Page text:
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Pretty new to Linux here. Trying to get a better grip on the OS.  Here is my problem -

I have a question about the impact of removing ssh_config file from a Linux box. I was having some cipher mismatch problems while trying to SCP files from my Linux box to my Mac. In trying to play around with things and get it working, I created a backup of my ssh_config file and deleted the original ssh_config file, and then the scp transfer worked.

I was a bit surprised at this as I was under the impression that ssh_config is used by my SSH client on the Linux box and ideally the scp should have failed without it. Since SCP worked after deleting it, then maybe my understanding of the signifiance of the ssh_config file was wrong.

Can you please help me understand how the scp transfer is working even without the ssh_config file?

  • For clarification, do you mean your ~/.ssh/config file? – ryekayo Apr 29 '16 at 1:10
  • I think the op means /etc/ssh/ssh_config – Liam Apr 29 '16 at 1:48
  • Took the default settings? – fpmurphy Apr 29 '16 at 2:29
  • hey guys..thanks for your responses...my bad for not specifying the path earlier.. I meant I removed "/etc/ssh/ssh_config" file – user168115 Apr 29 '16 at 2:34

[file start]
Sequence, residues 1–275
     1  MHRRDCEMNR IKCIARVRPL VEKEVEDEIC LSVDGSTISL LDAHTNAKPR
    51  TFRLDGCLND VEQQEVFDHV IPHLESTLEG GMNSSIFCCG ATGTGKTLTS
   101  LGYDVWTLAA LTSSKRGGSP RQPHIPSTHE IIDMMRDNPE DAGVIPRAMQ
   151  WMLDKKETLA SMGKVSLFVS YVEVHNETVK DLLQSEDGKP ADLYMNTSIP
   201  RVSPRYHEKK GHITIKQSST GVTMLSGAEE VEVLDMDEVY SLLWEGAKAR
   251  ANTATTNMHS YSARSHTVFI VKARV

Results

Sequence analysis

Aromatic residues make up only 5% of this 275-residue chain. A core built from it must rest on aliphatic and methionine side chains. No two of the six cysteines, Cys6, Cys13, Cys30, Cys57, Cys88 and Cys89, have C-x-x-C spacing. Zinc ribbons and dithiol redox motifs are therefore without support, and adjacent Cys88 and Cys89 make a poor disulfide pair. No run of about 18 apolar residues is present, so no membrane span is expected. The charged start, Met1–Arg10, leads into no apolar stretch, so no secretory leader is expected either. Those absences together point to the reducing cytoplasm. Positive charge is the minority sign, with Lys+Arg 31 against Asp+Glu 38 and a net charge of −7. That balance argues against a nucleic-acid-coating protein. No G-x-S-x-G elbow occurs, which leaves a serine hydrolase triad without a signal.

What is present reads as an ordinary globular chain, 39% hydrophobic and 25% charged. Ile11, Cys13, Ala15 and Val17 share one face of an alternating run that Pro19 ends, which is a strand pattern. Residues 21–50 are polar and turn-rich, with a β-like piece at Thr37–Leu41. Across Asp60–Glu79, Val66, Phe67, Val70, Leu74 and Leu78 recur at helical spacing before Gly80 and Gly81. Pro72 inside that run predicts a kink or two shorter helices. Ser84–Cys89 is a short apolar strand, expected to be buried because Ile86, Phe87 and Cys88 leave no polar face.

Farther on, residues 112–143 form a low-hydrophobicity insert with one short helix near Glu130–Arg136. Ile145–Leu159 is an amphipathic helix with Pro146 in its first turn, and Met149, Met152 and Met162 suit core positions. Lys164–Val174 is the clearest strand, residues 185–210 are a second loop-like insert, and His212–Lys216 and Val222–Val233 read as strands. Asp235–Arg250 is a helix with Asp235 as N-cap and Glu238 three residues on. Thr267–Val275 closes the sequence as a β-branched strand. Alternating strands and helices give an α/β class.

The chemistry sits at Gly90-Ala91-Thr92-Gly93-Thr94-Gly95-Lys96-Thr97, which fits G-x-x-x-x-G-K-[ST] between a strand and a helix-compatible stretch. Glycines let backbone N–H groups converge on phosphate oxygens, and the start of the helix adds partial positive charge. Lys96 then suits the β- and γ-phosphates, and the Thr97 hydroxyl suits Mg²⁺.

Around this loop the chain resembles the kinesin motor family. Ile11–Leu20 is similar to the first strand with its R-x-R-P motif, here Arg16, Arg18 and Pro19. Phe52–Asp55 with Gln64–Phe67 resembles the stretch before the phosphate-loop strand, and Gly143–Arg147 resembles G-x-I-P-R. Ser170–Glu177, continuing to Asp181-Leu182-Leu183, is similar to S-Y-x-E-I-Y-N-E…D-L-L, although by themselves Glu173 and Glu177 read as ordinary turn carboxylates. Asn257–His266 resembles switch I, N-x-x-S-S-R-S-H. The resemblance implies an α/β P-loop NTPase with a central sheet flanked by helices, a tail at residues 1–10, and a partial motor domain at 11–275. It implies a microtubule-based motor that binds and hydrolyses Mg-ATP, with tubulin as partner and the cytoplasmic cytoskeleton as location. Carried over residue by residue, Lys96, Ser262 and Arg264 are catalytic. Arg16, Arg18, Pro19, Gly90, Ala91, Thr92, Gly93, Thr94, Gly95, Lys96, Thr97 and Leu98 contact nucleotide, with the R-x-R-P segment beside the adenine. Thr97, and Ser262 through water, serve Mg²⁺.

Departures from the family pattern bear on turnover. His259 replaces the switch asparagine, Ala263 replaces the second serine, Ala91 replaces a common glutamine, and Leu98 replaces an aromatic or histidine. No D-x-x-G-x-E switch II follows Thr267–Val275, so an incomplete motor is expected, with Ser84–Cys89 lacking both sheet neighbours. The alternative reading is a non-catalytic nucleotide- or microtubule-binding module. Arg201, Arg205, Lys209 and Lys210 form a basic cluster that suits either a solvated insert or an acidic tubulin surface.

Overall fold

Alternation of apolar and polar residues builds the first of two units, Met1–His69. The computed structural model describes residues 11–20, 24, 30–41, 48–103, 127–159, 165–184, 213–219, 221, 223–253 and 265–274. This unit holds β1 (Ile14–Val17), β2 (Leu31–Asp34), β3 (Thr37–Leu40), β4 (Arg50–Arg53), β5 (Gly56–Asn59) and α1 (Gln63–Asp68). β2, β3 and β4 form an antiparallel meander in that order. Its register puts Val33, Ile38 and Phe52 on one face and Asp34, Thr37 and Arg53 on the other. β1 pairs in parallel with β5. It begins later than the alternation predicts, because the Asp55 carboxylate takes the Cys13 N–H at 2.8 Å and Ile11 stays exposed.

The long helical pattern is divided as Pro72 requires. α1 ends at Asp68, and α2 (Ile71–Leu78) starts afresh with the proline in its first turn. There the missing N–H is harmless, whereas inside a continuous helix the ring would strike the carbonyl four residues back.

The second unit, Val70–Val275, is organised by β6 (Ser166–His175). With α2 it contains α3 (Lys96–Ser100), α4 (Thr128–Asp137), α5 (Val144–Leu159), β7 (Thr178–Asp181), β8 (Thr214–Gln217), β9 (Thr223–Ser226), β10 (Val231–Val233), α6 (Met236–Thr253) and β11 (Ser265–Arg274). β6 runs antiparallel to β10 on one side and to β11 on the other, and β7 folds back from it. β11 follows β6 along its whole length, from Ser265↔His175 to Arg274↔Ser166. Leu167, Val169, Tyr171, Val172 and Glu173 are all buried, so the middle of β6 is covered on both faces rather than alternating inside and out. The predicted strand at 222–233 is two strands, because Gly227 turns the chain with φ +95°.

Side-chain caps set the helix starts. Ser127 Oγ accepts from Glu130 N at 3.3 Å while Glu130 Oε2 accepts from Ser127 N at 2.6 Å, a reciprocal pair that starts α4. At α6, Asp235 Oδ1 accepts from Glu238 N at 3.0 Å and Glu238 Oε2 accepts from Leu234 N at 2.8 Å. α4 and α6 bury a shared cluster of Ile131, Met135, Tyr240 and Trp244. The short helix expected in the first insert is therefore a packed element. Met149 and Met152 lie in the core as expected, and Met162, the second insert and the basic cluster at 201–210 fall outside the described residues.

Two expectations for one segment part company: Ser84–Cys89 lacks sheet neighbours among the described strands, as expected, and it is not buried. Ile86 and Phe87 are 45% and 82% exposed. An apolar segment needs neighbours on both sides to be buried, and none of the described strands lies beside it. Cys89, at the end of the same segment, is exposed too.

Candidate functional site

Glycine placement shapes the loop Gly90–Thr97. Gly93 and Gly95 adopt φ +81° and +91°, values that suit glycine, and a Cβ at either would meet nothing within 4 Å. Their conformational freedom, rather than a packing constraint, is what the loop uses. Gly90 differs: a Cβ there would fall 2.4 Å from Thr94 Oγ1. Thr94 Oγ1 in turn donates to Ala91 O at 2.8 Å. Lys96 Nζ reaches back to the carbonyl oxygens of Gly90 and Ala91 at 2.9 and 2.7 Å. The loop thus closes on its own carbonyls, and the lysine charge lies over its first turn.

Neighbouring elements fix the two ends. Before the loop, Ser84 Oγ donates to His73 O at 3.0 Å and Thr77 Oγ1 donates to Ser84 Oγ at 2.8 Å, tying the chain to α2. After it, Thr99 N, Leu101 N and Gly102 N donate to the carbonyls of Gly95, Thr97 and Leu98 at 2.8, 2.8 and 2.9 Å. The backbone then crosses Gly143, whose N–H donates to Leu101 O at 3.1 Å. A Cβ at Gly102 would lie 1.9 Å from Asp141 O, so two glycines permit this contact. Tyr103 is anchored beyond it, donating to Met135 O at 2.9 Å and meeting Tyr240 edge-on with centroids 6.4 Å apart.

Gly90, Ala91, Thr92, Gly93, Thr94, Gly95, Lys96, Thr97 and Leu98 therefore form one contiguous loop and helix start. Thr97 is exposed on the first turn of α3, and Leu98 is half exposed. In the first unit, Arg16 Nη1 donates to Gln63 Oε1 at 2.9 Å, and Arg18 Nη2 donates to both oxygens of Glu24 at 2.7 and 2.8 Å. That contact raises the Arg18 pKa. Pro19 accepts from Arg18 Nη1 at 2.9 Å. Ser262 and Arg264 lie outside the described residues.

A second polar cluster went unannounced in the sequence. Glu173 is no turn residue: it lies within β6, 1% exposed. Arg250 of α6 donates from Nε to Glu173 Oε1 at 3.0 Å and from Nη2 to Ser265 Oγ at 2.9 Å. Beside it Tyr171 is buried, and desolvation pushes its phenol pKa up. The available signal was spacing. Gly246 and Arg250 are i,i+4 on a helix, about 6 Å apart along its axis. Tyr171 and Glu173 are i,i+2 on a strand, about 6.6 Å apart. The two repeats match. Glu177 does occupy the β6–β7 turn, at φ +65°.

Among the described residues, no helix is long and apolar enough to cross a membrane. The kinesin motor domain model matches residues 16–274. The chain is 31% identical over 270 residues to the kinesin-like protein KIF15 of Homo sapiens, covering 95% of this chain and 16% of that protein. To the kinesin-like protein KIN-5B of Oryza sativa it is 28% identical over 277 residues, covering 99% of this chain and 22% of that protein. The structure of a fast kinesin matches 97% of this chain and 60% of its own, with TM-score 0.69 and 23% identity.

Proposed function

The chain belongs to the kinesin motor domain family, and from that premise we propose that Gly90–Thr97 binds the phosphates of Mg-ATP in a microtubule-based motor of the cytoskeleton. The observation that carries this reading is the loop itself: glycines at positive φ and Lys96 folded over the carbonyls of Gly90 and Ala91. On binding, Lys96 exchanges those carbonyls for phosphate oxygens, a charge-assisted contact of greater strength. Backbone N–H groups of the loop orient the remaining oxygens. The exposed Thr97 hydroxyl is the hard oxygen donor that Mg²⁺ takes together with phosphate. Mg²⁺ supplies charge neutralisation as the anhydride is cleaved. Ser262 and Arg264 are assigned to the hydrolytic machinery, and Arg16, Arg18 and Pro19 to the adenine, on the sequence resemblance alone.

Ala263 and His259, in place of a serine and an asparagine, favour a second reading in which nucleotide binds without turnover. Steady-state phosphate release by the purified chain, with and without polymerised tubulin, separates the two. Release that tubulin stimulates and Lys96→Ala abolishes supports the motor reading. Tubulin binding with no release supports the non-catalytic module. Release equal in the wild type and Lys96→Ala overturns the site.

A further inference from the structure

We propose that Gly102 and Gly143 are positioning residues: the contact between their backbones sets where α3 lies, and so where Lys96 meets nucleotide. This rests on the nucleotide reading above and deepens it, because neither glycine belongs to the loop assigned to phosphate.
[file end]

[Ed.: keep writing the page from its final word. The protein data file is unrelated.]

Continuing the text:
• @fpmurphy,..I dont see any default config file..... these are all the files that I see in the /etc/ssh/ dir right now - ssh_config_backup <<< this is the one I backed up <<< ssh_host_dsa_key ssh_host_dsa_key.pub ssh_host_ecdsa_key ssh_host_ecdsa_key.pub ssh_host_key ssh_host_key.pub ssh_host_rsa_key ssh_host_rsa_key.pub sshd_config – user168115 Apr 29 '16 at 2:36
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Like most configuration files, /etc/ssh/ssh_config only needs to list options that are changed from the default. If the file isn't present, ssh uses the default options. If you aren't relying on non-default settings, then the absence of the file has no impact.

For example, on Debian, the only options that are in the default ssh_config file are:

SendEnv LANG LC_*
HashKnownHosts yes
GSSAPIAuthentication yes

scp doesn't care about locale settings to the SendEnv line doesn't impact it. HashKnownHosts doesn't stop anything from working, it only influences how new entries are written to ~/.ssh/config. Without the GSSAPIAuthentication, scp would not work — but only if you were using GSSAPI authentication, which is very uncommon (it's pretty much only used in Kerberos).

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